Home > Annexation, Iowa legislation > More on HF 2376 severance/annexation bill

More on HF 2376 severance/annexation bill

February 18, 2010

by Gary Taylor

HF 2376 arises out of a very specific situation in Black Hawk County, concerning land around the Highway 58/Highway 20 interchange.  The land was annexed into Hudson a number of years ago, but as Cedar Falls has grown toward the interchange several of the landowners have had second thoughts and want to go to Cedar Falls for access to infrastructure for development.  My understanding is that this has been a VERY longstanding contentious issue.  A petition is before the City Development Board currently. 

The bill allows a landowner or (contiguous) landowners within the boundaries of one city to file a petition for severance with the city council if the landowner’s property would be eligible for annexation by a different city if severed (presumably this means if the property in question borders the other city).  The landowner must also file a petition for annexation with the other city.  The proposed severance/annexation must not create an island.  If both cities approve, the petition goes to the City Development Board for a hearing.  As part of the severance/annexation, the cities may negotiate an agreement to share property tax revenues for a period not to exceed forty years, and to transition zoning regulations within ten years.  The City Development Board must approve both the severance/annexation and any tax-base sharing/zoning agreement that has been negotiated.  The City Development Board is not allowed to modify the terms of the severance/annexation.  The City Development Board’s approval is not subject to election.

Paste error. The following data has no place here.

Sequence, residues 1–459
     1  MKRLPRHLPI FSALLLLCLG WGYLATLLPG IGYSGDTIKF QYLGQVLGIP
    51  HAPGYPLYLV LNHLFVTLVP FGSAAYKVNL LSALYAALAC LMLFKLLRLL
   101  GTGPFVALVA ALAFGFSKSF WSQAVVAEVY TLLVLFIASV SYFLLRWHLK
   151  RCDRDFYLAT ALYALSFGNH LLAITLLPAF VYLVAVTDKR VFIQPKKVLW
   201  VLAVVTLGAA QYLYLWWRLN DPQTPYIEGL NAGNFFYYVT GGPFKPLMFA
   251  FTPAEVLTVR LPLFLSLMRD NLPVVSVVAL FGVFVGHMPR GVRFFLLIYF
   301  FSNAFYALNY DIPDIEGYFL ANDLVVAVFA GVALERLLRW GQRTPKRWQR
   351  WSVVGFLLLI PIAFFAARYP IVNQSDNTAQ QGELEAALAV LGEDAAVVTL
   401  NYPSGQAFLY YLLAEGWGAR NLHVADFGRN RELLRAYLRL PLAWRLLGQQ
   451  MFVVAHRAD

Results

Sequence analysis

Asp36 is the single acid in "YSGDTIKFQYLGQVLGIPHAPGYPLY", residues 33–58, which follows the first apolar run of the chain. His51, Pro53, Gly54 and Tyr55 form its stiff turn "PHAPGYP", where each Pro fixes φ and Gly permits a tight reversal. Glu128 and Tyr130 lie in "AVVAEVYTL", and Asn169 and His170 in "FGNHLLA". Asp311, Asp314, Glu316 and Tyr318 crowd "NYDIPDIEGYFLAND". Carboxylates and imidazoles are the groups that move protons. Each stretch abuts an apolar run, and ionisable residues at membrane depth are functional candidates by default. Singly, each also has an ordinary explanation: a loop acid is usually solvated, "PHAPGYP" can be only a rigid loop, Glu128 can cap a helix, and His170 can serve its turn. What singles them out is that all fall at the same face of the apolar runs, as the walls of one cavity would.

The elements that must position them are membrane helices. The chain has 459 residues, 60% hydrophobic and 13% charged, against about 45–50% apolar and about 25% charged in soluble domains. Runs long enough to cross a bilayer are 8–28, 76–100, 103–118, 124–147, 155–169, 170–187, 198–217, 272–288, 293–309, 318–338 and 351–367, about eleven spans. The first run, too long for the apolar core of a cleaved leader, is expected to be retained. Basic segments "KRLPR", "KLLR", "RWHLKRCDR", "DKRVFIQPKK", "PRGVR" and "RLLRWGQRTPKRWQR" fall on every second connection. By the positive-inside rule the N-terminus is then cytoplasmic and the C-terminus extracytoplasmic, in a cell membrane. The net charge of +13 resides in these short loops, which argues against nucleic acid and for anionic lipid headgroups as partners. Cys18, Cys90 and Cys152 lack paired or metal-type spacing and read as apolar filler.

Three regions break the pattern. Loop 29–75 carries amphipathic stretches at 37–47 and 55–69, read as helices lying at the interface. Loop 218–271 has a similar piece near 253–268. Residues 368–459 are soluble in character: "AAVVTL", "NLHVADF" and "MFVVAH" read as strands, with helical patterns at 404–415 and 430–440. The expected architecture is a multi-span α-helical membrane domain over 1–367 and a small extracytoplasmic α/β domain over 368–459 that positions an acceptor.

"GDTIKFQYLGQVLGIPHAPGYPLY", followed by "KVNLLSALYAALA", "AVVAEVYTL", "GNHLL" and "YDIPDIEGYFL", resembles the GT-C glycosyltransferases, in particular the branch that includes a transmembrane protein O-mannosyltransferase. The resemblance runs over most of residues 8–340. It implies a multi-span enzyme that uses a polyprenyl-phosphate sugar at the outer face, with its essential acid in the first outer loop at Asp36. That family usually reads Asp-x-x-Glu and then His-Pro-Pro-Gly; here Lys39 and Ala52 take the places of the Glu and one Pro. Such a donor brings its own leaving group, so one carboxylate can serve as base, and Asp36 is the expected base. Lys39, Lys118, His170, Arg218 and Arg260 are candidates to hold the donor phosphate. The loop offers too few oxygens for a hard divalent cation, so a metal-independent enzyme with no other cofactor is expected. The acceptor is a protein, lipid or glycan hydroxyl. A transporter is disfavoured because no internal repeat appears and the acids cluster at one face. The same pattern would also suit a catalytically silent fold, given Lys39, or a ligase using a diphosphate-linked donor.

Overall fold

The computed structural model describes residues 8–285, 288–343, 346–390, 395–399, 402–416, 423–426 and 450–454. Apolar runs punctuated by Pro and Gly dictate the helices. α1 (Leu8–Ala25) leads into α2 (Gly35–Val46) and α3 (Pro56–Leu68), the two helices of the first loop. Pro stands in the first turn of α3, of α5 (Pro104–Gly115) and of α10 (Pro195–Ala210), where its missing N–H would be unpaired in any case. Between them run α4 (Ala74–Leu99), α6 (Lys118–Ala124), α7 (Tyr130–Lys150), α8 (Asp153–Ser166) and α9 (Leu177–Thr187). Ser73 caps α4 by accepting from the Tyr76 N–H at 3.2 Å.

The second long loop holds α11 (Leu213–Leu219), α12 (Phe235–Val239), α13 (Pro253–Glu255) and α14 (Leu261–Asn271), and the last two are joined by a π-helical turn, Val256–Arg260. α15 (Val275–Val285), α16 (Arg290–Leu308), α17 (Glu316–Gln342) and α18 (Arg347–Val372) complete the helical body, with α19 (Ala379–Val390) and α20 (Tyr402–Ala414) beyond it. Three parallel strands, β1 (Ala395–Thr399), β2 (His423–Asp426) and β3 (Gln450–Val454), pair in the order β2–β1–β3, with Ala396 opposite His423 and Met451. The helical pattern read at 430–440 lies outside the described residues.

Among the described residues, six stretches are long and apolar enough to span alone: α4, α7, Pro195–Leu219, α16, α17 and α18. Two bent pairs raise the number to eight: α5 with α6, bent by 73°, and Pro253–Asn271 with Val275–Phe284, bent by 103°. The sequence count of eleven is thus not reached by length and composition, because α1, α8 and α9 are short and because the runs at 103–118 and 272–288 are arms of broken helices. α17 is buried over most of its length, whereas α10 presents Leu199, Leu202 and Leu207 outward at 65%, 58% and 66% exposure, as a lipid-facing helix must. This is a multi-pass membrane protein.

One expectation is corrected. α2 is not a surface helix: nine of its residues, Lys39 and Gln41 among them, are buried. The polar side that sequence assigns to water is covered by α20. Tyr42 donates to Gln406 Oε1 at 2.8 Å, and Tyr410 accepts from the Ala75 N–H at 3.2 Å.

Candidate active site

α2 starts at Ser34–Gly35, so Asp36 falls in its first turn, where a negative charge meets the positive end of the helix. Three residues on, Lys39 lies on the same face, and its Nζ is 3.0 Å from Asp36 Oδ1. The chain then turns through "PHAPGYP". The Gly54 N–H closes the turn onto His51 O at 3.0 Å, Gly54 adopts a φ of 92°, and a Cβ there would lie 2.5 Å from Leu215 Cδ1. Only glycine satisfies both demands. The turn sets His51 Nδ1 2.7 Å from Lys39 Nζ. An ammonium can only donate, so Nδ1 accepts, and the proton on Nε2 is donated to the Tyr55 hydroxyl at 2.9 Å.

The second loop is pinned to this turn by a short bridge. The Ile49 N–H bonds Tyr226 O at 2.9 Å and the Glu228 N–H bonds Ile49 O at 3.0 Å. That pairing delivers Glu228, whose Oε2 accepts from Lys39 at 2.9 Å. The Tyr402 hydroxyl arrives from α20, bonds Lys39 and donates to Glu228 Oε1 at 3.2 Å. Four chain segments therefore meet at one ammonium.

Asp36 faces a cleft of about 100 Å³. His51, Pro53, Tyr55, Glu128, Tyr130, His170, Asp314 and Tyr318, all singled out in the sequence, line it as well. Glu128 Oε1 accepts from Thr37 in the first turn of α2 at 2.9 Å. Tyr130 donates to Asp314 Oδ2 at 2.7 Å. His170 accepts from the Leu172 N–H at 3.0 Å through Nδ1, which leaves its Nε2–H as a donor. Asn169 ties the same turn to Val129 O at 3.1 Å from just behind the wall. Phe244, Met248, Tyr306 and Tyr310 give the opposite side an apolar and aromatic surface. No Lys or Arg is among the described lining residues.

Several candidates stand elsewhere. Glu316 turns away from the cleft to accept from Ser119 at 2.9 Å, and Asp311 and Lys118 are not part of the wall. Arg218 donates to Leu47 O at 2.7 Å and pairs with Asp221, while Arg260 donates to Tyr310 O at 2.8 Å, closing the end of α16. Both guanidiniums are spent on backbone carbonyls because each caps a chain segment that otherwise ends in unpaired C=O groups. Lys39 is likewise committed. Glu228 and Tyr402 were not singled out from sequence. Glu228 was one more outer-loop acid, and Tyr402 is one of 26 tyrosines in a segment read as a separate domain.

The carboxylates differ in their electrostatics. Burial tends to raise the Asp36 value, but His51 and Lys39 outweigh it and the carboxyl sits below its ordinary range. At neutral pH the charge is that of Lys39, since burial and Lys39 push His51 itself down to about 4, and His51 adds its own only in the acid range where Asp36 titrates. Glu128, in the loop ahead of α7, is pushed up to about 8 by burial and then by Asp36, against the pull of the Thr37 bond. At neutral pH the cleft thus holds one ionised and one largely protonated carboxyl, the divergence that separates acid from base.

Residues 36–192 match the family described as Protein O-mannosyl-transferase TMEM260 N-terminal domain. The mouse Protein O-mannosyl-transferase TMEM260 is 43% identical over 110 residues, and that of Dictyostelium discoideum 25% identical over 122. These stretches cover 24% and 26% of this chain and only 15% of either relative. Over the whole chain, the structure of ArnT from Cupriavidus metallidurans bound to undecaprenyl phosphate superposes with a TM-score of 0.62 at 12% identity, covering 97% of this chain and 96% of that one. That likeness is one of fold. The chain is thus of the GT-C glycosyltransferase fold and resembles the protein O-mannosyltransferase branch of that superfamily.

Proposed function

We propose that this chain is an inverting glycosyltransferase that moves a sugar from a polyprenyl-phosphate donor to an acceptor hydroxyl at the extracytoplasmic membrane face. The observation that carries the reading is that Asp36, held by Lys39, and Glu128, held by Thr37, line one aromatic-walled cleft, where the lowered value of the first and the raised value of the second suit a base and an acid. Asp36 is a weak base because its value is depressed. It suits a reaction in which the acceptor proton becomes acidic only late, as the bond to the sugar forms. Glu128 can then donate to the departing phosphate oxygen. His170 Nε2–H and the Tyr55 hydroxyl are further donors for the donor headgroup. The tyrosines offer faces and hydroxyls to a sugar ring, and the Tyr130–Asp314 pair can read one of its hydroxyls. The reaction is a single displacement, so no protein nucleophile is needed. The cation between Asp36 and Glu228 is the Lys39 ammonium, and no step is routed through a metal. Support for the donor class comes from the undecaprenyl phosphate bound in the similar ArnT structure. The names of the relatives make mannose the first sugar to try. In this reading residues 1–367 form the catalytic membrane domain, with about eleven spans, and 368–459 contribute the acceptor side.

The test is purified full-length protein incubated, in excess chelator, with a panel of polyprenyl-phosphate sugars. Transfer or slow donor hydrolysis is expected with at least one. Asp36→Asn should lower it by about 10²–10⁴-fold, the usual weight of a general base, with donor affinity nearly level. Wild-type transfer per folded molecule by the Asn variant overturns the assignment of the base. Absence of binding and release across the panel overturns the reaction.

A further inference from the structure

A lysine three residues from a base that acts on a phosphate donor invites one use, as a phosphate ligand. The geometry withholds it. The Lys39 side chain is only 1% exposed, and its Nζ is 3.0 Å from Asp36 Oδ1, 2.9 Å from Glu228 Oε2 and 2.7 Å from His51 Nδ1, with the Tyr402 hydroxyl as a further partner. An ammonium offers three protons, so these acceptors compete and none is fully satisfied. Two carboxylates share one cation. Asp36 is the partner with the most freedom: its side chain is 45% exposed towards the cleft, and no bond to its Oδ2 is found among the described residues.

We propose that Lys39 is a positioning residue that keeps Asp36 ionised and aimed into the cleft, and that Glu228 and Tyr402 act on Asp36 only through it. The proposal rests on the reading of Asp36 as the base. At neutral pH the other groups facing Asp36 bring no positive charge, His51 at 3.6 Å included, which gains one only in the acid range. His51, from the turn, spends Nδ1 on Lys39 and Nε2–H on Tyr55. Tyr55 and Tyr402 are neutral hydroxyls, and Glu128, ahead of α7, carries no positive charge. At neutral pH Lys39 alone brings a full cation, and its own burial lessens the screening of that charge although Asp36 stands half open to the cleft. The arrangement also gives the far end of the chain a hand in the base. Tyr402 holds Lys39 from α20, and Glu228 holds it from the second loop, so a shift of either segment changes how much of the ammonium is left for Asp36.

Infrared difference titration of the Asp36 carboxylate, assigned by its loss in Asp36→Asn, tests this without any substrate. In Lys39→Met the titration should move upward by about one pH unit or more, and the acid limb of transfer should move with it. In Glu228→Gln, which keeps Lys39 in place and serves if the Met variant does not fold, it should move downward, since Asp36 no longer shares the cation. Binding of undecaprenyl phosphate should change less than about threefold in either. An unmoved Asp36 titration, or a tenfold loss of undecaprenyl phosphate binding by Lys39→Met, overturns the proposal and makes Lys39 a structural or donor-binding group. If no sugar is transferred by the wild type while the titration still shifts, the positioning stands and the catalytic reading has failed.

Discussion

The section concerning the tax-base sharing agreement contains this interesting provision:

An agreement may include additional transition provisions relating to the transfer or sharing of property tax revenues for property outside the boundaries of the territory described in the petition and any other provisions deemed by the cities to be in the public interest if such actions are within the authority of the cities.

This provision would seem to open the door to some interesting agreements authored by creative municipal attorneys.  A few years ago I wrote a paper with two colleagues at Michigan State about Michigan’s annexation/tax base sharing law (PA 425), and the problems it has caused from a planning perspective.  Like HF 2376, Michigan’s PA 425 was written with a very specific object in mind: to allow the city of Flint and the neighboring township to negotiate for land and infrastructure to accommodate a General Motors auto assembly plant.   Granted, the Michigan law differs from HF 2376 in many ways, but no one at the time (1984) foresaw all the creative ways PA 425 would be utilized beyond the Flint agreement. In the case of HF 2376 it would take a severance/annexation situation to trigger the cities’ agreement-making authority, but if such a situation were to occur (or be manufactured) the range of possibilities is intriguing.

Annexation, Iowa legislation

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